Mistakes to Avoid When Writing Your Resume

The biggest mistake to avoid is to write your CV for a job you saw, and then send that same CV to all the other jobs you have found. You will not believe how many times a company receives a CV that was clearly written for another company, such as how it says, “When I move to xxxxx” even though the company isn’t located there, or “I have spoken to your head supervisor several times” despite the fact there is no head supervisor. Here are a number of mistakes that companies and HR departments see on a regular basis. Some of them may seem silly, but tell that to the companies that have to read them every day! Professional resume writing services for your needs.

Copying and pasting errors

Many resumes are sent in with paragraphs cut off, or random letters and punctuation placed in odd locations. The most common reason for this is because the sender copied and pasted text from another document and it was cut off, or they moved things around the CV and didn’t highlight it all.

Spelling errors still happen in this day and age

Things such as spelling errors are less common, but they still happen on a very, very regular basis. This is especially true when the user cannot rely on spell checkers, such as with addresses or words that appear to be errors when they are not. Many times the sender will click to correct an error that the spellchecker has found, despite the fact that the error is no error at all (it just looks like one from the spelling and grammar checkers point of view).

The misuse of words

If you ever get the chance to look at CVs sent into companies, then get a look at just how many words are misused. It is an epidemic around the English-speaking world. There are things such, “loose my job” or “Trust-worthy” and there are common errors with how words are altered. For example, the word “lie” will often become “liing”, or “lieing” or “lie-ing.” Or, better still, there are the people that write, “I wouldn’t lye to my co-workers. The apostrophe seems to puzzle most senders, and the difference between “your” and “you’re” is lost on many senders.

Having your CV written by middle easterners or developing world writers

Everybody has the right to earn a living, but is hiring a resume writing service really your best option? More often than not, they are staffed with freelance Middle Eastern or developing world staff members. They make very easy mistakes and most people do not check their works. They are often too polite and use a form of English that is too academic, sterile and clinical. Their work is often very wordy and can be too promotional.

Do not apply for a position you are not qualified for

This is a terrible piece of advice. Of course, you should apply for jobs for which you are not qualified. The worst they can say is no, but for some reason there are hundreds of articles on the Internet telling people not to apply for jobs above their station. The only piece of advice that should apply is that you shouldn’t pretend you have qualifications that you do not because you will be found out every time.

Do not give a phony introduction

It is so annoying when people write a full introduction to their CV that actually tells the reader nothing. If you think your CV has this problem, then you need to scrap your introduction completely and replace it with a section called “Objectives.” Within that objectives category you should have three bullet points that quickly state what you intend to achieve by sending the CV and what you expect to achieve in your future.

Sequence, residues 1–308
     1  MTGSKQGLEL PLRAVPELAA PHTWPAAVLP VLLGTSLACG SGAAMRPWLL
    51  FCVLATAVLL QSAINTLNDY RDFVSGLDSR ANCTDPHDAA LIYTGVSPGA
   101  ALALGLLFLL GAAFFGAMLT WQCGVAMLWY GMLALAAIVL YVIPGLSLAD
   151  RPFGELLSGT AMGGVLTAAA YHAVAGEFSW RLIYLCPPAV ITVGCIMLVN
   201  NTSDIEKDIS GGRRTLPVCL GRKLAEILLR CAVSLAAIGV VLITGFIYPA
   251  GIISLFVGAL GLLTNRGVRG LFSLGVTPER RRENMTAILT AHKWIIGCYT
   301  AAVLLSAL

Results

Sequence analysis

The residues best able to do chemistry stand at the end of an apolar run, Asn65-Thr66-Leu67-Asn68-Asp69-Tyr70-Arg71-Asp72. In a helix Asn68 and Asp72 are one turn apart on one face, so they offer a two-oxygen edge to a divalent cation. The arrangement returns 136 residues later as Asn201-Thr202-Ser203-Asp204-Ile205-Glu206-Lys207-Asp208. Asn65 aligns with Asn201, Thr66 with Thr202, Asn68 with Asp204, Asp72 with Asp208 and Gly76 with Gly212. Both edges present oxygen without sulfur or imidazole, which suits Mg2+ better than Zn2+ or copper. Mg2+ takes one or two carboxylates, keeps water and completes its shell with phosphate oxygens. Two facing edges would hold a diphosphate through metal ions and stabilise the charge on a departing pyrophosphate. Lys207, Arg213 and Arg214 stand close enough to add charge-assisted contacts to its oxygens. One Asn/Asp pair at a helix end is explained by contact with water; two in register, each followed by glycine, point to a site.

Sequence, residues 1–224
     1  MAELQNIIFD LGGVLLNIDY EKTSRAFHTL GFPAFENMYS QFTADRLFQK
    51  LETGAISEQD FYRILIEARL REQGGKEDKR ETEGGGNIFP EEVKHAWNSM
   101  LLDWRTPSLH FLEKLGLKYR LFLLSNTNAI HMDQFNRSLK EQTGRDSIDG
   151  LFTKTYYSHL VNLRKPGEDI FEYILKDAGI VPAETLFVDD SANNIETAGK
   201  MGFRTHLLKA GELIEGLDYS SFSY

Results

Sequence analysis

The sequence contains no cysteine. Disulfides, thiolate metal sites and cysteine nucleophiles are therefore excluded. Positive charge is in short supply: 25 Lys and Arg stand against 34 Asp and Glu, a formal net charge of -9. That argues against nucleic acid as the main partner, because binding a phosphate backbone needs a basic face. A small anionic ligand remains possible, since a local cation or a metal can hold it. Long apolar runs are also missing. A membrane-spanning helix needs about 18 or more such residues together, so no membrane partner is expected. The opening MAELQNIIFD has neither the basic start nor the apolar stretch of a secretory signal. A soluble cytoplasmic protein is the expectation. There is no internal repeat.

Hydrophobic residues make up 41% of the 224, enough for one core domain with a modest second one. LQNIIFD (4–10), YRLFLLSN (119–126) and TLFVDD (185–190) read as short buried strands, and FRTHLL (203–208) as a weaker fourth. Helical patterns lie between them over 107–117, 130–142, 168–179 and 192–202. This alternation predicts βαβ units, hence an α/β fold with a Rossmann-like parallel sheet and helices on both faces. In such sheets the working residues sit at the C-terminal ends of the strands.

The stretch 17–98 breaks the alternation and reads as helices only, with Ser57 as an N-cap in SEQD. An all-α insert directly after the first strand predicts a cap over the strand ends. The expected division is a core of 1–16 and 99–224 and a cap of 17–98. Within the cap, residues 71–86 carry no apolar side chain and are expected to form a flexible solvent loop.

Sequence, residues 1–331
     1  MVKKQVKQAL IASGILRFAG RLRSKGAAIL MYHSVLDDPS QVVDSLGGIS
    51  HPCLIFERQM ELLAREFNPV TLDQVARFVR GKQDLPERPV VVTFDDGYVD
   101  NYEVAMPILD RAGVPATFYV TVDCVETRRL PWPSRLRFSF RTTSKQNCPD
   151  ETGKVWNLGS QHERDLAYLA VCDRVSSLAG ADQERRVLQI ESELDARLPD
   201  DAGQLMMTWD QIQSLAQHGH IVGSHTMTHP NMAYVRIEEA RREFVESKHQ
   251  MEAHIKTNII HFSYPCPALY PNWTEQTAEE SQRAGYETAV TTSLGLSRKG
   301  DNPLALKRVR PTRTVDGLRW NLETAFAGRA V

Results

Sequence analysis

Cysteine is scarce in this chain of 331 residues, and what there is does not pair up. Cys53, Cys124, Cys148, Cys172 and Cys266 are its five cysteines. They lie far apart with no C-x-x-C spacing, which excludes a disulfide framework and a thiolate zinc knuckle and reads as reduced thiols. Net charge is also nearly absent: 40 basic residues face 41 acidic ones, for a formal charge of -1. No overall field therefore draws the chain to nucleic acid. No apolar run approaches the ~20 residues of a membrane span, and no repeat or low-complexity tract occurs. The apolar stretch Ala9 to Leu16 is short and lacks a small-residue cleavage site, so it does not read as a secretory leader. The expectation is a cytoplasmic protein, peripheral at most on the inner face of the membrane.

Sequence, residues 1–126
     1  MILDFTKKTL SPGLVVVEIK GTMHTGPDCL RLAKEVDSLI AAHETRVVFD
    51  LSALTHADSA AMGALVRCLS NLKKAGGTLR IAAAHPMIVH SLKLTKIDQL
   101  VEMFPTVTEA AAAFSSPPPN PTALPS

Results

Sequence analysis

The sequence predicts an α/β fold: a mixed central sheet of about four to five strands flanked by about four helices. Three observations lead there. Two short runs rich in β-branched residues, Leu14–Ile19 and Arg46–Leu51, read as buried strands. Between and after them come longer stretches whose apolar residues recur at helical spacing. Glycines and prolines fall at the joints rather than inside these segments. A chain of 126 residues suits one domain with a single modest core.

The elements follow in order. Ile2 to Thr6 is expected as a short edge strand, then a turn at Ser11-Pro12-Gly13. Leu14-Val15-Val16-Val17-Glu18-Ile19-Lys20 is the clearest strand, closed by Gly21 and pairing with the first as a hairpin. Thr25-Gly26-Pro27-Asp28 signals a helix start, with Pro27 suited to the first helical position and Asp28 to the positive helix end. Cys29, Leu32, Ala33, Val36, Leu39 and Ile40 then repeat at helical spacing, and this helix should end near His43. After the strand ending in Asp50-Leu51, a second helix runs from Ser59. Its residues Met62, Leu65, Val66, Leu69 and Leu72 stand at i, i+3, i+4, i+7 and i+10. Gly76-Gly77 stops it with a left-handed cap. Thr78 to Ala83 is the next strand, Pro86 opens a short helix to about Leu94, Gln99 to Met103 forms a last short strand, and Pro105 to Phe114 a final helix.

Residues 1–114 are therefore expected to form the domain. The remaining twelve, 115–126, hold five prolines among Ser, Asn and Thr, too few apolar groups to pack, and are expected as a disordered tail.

If you are bad at grammar then keep your sections short

If grammar is not your thing, then add simple sentences into your resume and do not write big paragraphs. If you are not sure about something on a grammatical level, then change it, do it again, or scrap it.

Your CV does not have to look pretty

This is a very big point. The CV itself should act more as a pleasing message delivery system. It should not look visually pleasing on its own merit. This means you should not have italic or scripted writing and it should not be overly decorative. It can look professional, and it can even look attractive, but it is more important that it looks neat and that it highlights the right pieces of information. Try to find a template that leads the eye. This is where a CV has the reader start at the beginning and gently takes the reader down the page without the reader having to look back and forth around the page.

Do not ever be negative

If any of the tips resonate with you, then this should be the one that is imprinted on your mind. You can go over how your daddy never said he loved you in therapy, and you can tell your friends about how hard it was raising three kids when your partner left, but do not add them into your CV.
Your CV should make you appear to be the most lucky and happy person on this planet. They do not want a walking disaster zone. They do not want people that typically have bad luck because they will bring it on to the company. They do not want a person that is going to turn up to work in tears because yet another partner has cheated on them.

Never make excuses!

There are some inexperienced HR managers and business managers that will not recognize an excuse, but genuine professionals are going to smell the excuses on the page, and they know that an excuse means failure.
If you make an excuse as to why you have not had a job the last six months, then a professional will translate that as you trying and failing to get a job and will translate it as you being unemployable. Instead, you could have said something such as that you have not been looking for a job because you have been going to school, taking care of your dying mother, or writing a bestselling book. Tell them anything; just do not give them excuses.